The most telling and promising aspect of this rumor is that apparently the project is beingheaded by HoloLens chief Alex Kipman. This means that as it was with the Hydrogen One, the Surface phone would be designed primarily for augmented reality.
Meanwhile, there is also rumor around Huawei’s upcoming Mate 10 smartphone. The leak hints vaguely at augmented reality-specific hardware, but it’s unknown exactly what those components are or how they boost augmented reality.
Understanding the Augmented Reality Push
Given all these rumors and announcement, it is clear that smartphone makers are scrambling to beat each other to market with compelling advantages in AR.
A casual observer could be forgiven for assuming that Google is way ahead on the augmented reality hardware front. Given that fact that Google’s first Tango system in 2014 seems to be ahead of the pack. Tango system involves advanced hardware for rapidly mapping indoor environment which is ideal for augmented reality applications. However, Asustek ZenFone AR and Lenovo Phab 2 Pro are already supporting Tango
The problem is that these phones represent an insignificant percentage of the Android market. As a result, Google’s Tango-specific APIs are not widely used and Tango software is rare. Although, this may change eventually, as the Moore’s Law is bringing down the cost of Tango’s expensive hardware.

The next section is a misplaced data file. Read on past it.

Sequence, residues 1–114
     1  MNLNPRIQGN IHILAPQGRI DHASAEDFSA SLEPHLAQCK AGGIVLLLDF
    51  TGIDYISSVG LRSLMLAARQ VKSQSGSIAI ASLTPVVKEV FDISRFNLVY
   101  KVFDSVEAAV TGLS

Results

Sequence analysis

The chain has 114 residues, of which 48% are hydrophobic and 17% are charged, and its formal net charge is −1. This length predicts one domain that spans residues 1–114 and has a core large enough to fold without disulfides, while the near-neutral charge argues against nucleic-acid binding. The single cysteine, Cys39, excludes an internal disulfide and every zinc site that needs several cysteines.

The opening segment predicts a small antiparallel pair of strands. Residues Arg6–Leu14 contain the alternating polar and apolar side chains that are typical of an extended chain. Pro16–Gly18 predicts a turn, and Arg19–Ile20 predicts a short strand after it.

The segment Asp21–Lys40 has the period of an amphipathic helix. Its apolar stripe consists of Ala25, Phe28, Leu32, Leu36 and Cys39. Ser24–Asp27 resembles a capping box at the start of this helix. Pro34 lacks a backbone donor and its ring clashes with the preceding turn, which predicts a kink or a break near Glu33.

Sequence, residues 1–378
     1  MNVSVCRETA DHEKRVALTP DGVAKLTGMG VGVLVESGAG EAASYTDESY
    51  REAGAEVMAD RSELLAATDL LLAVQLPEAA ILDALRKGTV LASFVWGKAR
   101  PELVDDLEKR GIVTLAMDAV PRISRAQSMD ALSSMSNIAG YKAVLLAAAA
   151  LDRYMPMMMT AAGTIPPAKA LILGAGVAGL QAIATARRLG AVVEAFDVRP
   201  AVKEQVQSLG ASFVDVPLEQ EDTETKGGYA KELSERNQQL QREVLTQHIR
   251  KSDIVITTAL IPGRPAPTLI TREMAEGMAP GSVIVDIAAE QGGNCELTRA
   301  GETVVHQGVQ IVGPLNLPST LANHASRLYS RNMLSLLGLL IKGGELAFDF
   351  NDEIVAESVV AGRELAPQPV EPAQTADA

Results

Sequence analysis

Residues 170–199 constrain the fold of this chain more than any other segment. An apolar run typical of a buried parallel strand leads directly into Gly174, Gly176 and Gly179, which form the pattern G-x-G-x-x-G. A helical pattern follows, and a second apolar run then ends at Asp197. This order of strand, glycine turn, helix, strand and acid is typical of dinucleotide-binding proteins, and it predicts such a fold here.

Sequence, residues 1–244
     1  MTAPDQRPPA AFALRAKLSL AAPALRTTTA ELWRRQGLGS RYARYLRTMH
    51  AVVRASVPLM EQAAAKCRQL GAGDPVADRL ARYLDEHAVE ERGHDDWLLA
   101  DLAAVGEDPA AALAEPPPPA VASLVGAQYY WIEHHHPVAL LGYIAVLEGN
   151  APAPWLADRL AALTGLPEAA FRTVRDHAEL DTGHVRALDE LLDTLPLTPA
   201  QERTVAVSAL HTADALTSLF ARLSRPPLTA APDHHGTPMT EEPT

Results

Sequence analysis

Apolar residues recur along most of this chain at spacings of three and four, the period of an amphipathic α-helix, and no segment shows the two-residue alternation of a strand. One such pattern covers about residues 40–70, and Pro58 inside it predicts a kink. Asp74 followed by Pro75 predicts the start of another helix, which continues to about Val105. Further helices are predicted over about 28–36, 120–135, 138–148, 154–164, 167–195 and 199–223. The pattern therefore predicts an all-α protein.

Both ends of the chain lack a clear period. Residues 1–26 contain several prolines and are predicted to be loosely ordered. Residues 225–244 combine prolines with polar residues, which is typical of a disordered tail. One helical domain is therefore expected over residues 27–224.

The best thing about Tango phones is that they provide a guidebook to the future of smartphones. In order to support augmented reality, smartphones will need special sensors and massive processing power.
Meanwhile, the biggest event ever to happen in the world of augmented reality is the recent announcement by Apple of its ARKit for building augmented reality apps for the upcoming iOS 11 platform. This gives developers the access to a billion theoretical users, when new iPhone and iPad software hits.
All these changes and advances will lead AR on mobile devices to go mainstream fast. Smartphone buyers will start choosing phones based on its augmented reality capabilities, much like they now choose based on camera quality.
This prediction extends to enterprise employees in BYOD (bring-your-own-device) environments. Just as in-house apps and back-end systems developers can count on BYOD devices sporting camera electronics, they’ll soon expect them to do advanced augmented reality.
Today, most enterprise decision-makers assume augmented reality applications will be served up on displays or with special goggles and other futuristic hardware indicating the augmented reality is a challenge for the far-off future. Well, it’s about time we re-adjust to these assumptions.
With each passing day, it appears that enterprise augmented reality will soon be deployed widely via smartphones and tablets, including BYOD electronics. This shift should and will affect buying decisions.
It is also important to remember that industry goes wherever Apple goes with components. Dedicated augmented reality hardware like Apple’s rumored laser part means the electronics industry will scramble to produce them by the hundreds of millions. This and other categories of AR-specific components will drive the smart glasses, the real futurea ugmented reality platform.
The bottom line is that the arrival of AR is imminent and it will be made enterprise-ready with special-purpose hardware built into mainstream devices (making it compatible with BYOD policies).
In short, augmented reality will transform phones and phones will transform augmented reality. And all this is going to happen faster than earlier expected.